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But Who Will Make Their Tea?

Summary: Symphony orchestra conductor Peter Wiegold draws upon his early musical experiences to explain how interacting with "the team" breaks down barriers that prevent free expression and harmony. Frustrated by his sometime rigid relationship with orchestras, he traveled widely seeking a solution. An invitation to compose a piece for the conservatory in Surakarta, Java provided the opportunity. During rehearsal the musicians eagerly took up the piece, suggesting additions and revisions until all barriers between composer and performers were gone and the piece belonged to everyone. Wiegold took his lesson home where he refined the delicate balance between opening imaginative space and maintaining artistic focus. He is now comfortable in his dialogue with musicians and is able to incorporate their imaginations in his own work. Wiegold draws a parallel between his musical experience and the empowerment of the individual and the management of creative teams in the business world. A primary rule in music is that things work well when they are also strong and autonomous in themselves. Contemporary culture is first and foremost plural, and it is changing rapidly. While frightening to some, this volatility opens up enormous potential.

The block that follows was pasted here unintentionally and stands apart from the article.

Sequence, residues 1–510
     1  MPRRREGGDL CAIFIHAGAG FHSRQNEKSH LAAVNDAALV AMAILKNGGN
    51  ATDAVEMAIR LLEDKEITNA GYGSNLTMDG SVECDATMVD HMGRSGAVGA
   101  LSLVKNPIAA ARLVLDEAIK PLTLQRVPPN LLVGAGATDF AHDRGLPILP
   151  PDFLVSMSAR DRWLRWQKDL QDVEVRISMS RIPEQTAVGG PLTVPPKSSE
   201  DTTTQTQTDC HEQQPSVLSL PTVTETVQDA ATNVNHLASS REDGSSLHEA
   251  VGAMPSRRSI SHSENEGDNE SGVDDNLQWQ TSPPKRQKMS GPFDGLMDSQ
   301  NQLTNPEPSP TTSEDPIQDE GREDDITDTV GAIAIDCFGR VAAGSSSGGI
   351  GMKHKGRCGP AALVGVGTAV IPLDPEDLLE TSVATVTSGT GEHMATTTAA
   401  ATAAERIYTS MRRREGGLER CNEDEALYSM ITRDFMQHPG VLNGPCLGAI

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  • Topics: Change Management, Human Resources, Leadership
  • Keywords: Communication,Community relations,Conflict resolution,Creativity,Cultural change,Performing arts,Empowerment,Human relations,Leadership,Management styles,Motivation,Diversity
  • Author: Wiegold, Peter
  • Journal: Journal for Quality and Participation